Stretching your tight Hamstrings may not be the answer

16.03.17 by Sam Crispe

The hamstrings are a group of muscles that most of us feel are always ‘tight’. We tend to have ‘tight’ hamstrings in this country due to work habits and a tendency to never stretch after a physical workout. For those wondering what and where are our hamstrings? Well they are a group of three muscles in the back of our upper thigh that attach from the bottom of our pelvis and attach to the top of our shins. The three hamstrings are semitendinosus, semimembranosus and biceps femoris. Semitendinosus and semimembranosus both attach to the inside of our knee at the top of the shin and biceps femoris attaches on the outside of the shin.


How flexible should my hamstring be?

A rough guide to how flexible our hamstrings should be is if we are lying down and we lift one leg directly up at a 90-degree angle at the hip – no knee bend is not too bad, if you can get further then great!


Are our hamstrings actually tight in nature?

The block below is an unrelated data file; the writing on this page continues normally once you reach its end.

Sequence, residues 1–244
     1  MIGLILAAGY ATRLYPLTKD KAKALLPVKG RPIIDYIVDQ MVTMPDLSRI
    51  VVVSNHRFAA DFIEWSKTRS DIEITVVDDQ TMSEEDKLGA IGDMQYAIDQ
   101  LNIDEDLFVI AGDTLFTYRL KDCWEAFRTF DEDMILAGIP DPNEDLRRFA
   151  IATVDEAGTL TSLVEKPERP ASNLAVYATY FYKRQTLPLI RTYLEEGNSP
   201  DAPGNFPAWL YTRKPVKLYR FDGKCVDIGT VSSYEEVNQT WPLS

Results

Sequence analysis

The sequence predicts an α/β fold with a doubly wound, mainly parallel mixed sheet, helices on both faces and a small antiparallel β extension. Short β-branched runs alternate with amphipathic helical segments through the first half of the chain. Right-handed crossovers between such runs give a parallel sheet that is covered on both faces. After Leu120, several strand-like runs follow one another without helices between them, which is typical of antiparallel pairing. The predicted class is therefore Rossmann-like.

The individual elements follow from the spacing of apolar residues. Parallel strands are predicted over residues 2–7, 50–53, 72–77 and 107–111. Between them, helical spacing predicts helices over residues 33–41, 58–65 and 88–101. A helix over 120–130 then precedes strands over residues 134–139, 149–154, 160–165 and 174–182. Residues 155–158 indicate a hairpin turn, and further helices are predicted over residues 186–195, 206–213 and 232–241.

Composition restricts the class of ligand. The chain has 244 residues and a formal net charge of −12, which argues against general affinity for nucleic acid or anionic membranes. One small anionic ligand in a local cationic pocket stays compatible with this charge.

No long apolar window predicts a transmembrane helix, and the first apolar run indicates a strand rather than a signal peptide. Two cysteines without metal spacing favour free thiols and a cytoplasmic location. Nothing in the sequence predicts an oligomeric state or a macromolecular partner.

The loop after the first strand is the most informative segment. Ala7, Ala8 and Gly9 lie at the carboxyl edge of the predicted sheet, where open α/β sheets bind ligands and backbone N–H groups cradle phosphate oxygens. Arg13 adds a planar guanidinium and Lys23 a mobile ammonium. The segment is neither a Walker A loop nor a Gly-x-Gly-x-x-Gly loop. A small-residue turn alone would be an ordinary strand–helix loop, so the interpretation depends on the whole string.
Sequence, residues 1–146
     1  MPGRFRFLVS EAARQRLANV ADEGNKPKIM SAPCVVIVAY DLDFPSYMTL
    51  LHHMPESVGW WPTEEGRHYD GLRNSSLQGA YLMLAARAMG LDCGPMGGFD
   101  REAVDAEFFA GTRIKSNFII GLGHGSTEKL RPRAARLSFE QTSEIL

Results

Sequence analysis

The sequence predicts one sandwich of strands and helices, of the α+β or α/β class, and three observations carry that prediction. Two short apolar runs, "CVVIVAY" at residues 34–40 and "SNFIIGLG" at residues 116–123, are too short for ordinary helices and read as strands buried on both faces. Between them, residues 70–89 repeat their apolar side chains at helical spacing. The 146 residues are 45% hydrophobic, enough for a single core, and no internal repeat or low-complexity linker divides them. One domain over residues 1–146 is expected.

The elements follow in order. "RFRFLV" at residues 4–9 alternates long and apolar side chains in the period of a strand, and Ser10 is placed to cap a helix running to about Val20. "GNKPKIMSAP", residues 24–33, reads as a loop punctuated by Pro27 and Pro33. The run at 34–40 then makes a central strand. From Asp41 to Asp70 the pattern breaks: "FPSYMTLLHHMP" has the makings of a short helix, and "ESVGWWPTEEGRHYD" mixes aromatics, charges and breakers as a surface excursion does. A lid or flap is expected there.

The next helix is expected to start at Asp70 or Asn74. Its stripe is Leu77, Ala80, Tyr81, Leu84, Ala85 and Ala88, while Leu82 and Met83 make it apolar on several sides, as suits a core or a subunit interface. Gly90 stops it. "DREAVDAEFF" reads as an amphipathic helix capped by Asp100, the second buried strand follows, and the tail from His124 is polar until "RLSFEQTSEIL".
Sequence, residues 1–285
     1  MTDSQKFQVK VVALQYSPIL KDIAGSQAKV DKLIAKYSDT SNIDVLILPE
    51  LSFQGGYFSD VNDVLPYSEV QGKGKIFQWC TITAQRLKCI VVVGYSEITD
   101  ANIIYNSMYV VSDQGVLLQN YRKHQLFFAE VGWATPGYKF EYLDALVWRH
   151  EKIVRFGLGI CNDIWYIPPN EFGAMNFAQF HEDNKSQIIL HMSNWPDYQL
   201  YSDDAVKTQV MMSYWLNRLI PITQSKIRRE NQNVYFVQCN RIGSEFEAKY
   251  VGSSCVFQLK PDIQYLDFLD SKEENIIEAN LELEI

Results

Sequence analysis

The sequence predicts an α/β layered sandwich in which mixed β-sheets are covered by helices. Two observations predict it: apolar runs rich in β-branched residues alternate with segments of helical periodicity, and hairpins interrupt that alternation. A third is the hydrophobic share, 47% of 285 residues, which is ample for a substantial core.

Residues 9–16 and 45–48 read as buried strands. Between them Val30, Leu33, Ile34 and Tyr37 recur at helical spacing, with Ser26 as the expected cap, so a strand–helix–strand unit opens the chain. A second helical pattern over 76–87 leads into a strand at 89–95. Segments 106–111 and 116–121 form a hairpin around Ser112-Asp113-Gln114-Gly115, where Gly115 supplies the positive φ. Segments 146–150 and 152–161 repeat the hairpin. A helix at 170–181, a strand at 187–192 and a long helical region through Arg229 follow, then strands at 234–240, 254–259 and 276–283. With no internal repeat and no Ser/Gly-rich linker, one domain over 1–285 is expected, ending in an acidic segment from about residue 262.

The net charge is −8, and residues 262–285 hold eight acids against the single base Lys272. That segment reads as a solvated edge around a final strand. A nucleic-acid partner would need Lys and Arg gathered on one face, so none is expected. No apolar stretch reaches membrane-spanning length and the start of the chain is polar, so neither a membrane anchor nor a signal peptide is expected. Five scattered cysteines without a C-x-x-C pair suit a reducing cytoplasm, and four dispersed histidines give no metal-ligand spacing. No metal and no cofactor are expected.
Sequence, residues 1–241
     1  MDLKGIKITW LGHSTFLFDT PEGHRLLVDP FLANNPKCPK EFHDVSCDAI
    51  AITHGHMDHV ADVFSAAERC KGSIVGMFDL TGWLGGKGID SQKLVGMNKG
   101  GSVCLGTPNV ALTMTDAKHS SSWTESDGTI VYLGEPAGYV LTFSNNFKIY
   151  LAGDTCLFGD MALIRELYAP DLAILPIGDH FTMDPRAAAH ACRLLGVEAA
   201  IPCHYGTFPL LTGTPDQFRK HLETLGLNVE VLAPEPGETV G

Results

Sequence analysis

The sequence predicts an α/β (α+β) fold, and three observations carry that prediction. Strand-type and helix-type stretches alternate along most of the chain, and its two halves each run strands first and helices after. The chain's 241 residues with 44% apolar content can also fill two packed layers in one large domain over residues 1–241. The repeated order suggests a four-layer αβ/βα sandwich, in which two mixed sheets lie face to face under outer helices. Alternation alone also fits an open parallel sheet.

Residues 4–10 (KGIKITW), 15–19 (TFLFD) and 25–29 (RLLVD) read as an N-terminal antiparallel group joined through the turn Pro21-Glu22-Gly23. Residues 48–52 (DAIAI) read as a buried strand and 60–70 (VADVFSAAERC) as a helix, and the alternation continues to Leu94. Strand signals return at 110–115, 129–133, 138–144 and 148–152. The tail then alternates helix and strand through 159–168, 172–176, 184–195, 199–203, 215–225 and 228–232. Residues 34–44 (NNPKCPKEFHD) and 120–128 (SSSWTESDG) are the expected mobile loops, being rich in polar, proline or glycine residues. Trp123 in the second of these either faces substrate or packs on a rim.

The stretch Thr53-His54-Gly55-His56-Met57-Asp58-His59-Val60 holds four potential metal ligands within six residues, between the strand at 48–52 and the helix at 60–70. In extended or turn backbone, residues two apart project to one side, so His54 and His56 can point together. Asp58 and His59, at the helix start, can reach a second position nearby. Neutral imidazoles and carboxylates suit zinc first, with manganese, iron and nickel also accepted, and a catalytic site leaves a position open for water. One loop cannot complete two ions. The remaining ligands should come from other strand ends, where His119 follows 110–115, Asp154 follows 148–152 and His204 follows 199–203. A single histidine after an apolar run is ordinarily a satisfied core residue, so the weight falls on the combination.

In a lot of cases it’s not always our hamstrings that are causing their apparent tightness. There are a few factors that can affect our hamstring tightness; a major one is actually the hip flexors on the front of the thigh. If the hip flexors are tight they alter the position of our pelvis so that the hamstrings are lengthened more than usual even from a standing position, so when we stretch we feel the tightness come on quick. Hip flexors being tight is generally down to too much sitting down at desks or at home in front of the TV where they are never fully lengthened causing a domino effect on your body.


Another reason we can feel hamstring tightness is due to the sciatic nerve being tight. Again this is quite common in modern society and we can often feel sciatic nerve tension with various exercises that we do in our Pilates classes. Exercises such as elephant when we cue ‘point your toes up’, you feel the stretch deepen not because the hamstrings have changed length but because the sciatic nerve has been placed under more tension which can mascaraed its self as hamstring tightness. In the same way during ‘forward reach and row’ when you again point your feet up to the ceiling. Repeating exercises where you stretch the sciatic nerve is the only way to lengthen the nerve which takes significantly longer than lengthening a muscle as they’re not so responsive but you just have to stick with it repeating the exercises spoken about above!


So if your hamstrings are tight, in short don’t always focus on them, as it may be other body parts affecting your hamstrings!


Blog by Sam Crispe

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